As a starting point, it is necessary to test whether trade inefficiencies exist. The Likelihood ratio statistic derived from the restricted and unrestricted specifications is greater than the 5% critical value (Table 2) hence the null hypothesis of no trade inefficiencies is strongly rejected. The stochastic gravity model is therefore preferrable over the standard gravity model with normal errors. This diagnostic test supports results in Foroutan and Pritchett (1993), Ngepah, and Udeagha (2018), and more recently Masunda and Mhonyera (2024) which confirm that intra-Africa trade is considerably lower than its full potential. Most importantly, it agrees with Olney’s (2022) argument that the standard gravity model inadequately captures intra-Africa trade inefficiency.

Table 2 Testing for trade Inefficiencies

Table 3 presents the regression results from a stochastic gravity model of intra-Africa trade. The first column presents results from an estimation which treats all variables as exogenous. The second column contains results from an estimation which treats GDP of the exporting partner and access to finance as endogenous. The coefficients of both GDPs are positive and significant as predicted by the gravity model of international trade. In the main model (which addresses endogeneity), a 10 percent increase in GDP of the exporting and importing country is estimated to raise export flows by 3 and 4 percent, respectively. The inelastic responses suggest that bilateral intra-African exports are less responsive to income dynamics within the continent. This could be attributed to the inherent structural bottlenecks which inhibit the supply side. Hartzenberg (2011) for instance argue that trade among African countries is more tedious, costly, and time-consuming than elsewhere in the world.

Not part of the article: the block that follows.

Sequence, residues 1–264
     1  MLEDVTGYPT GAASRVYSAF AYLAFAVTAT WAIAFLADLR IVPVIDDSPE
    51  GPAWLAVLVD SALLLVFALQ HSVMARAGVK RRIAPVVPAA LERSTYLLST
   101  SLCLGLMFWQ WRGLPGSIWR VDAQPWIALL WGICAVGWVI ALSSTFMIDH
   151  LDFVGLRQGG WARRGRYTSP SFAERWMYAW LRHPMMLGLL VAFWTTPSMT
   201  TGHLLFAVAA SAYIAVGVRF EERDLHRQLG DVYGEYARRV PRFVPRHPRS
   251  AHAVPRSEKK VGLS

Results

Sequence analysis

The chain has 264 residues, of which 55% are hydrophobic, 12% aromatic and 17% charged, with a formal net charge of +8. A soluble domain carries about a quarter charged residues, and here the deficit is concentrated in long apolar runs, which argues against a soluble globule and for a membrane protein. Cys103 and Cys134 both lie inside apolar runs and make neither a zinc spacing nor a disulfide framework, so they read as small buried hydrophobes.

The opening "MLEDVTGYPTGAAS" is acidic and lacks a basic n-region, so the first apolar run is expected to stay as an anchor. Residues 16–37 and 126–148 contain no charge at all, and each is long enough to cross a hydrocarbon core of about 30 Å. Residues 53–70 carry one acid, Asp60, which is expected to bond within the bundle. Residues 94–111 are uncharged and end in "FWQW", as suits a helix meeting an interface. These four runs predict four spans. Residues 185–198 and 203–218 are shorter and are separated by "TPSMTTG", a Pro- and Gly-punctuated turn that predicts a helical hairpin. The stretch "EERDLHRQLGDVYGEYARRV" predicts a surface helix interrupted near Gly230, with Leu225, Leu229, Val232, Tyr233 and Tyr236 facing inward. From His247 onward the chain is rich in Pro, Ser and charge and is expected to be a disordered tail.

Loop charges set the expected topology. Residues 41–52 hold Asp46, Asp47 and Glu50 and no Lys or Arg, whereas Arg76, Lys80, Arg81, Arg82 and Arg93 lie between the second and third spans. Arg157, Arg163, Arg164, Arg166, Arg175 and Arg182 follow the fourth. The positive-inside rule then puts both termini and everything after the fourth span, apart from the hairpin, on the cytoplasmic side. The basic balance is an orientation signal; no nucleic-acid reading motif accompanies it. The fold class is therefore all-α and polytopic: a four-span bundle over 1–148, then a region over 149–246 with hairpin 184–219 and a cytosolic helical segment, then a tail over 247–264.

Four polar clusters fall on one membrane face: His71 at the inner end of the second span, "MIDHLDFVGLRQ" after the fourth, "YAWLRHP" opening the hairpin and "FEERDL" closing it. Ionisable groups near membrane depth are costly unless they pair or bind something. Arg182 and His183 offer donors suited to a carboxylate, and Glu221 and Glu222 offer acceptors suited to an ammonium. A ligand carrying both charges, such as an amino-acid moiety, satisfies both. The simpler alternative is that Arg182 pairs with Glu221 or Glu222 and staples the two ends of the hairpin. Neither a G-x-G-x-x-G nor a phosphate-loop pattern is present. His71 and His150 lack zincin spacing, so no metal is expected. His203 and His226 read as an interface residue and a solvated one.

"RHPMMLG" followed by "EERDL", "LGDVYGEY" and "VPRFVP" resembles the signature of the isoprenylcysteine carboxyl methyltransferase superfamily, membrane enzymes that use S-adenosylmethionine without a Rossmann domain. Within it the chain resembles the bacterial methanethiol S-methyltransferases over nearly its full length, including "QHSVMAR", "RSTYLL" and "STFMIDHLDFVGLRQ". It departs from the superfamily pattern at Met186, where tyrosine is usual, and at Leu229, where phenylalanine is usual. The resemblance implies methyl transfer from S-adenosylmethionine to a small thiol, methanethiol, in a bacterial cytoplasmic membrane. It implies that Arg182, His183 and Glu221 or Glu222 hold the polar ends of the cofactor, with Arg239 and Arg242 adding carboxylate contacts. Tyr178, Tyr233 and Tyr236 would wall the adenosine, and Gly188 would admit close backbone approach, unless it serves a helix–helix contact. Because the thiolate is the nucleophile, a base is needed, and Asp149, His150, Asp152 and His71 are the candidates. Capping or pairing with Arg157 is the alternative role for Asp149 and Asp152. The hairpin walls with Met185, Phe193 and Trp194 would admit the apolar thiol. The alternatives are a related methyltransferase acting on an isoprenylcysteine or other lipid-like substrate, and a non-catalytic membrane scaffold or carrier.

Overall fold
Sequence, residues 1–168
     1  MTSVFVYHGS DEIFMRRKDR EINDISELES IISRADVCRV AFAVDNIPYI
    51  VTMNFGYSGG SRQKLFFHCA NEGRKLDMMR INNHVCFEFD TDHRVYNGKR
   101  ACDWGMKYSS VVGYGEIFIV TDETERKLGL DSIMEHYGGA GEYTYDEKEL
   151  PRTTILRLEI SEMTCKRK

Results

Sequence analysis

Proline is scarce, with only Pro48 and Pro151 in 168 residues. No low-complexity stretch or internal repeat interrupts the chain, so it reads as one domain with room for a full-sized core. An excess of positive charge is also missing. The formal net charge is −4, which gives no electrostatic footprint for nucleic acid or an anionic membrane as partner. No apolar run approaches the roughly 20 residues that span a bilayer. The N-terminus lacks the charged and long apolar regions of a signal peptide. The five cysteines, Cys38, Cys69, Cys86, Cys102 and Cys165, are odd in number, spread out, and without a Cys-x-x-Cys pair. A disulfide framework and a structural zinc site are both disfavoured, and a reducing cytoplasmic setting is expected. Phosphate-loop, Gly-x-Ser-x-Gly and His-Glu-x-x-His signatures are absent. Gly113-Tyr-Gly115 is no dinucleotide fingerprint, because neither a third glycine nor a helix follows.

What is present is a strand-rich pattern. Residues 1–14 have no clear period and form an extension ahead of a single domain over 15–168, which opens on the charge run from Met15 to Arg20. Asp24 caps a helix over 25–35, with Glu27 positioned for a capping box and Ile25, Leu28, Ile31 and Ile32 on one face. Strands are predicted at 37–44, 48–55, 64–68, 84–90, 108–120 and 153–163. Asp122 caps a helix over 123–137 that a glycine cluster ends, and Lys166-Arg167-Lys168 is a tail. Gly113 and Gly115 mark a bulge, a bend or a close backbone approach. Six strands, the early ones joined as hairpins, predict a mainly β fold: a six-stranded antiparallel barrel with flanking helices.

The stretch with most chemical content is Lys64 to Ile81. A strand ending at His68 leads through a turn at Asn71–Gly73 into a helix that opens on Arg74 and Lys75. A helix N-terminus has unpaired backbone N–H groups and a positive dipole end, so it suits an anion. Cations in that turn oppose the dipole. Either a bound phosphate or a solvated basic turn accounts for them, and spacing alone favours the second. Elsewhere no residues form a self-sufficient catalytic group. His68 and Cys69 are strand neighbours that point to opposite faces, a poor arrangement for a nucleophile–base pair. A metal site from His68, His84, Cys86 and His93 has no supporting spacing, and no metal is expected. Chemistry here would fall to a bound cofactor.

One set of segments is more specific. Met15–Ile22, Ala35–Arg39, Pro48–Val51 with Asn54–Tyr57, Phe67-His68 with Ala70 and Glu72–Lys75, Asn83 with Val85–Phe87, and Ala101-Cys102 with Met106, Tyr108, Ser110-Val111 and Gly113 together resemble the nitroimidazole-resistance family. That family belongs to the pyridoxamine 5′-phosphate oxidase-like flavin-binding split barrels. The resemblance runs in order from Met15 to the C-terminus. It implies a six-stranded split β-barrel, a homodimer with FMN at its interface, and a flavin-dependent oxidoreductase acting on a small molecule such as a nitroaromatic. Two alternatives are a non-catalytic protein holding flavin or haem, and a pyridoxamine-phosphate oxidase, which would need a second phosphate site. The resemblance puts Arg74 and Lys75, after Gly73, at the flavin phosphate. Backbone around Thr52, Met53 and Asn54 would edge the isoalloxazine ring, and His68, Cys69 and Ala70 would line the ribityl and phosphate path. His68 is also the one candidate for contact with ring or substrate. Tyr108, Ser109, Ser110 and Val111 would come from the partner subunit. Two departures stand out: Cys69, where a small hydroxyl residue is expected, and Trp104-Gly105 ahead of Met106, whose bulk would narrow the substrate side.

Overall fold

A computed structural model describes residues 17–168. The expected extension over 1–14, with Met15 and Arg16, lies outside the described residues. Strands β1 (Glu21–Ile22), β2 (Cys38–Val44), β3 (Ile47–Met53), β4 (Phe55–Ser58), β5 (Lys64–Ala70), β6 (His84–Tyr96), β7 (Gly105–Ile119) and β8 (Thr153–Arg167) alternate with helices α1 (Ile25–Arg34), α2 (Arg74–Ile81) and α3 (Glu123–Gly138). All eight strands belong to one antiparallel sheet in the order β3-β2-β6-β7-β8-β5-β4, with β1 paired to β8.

Table 3 Access to Credit and Intra-African Trade

The main results are presented in the lower part of the table. The results of the study are consistent with empirical literature on the role of credit on export performance. The coefficient on access to credit is significantly negative demonstrating that improved access to credit reduces the gap between observed exports and potential exports. This result supports Yakubu et al.’s (2018) conclusion that domestic credit positively affects trade.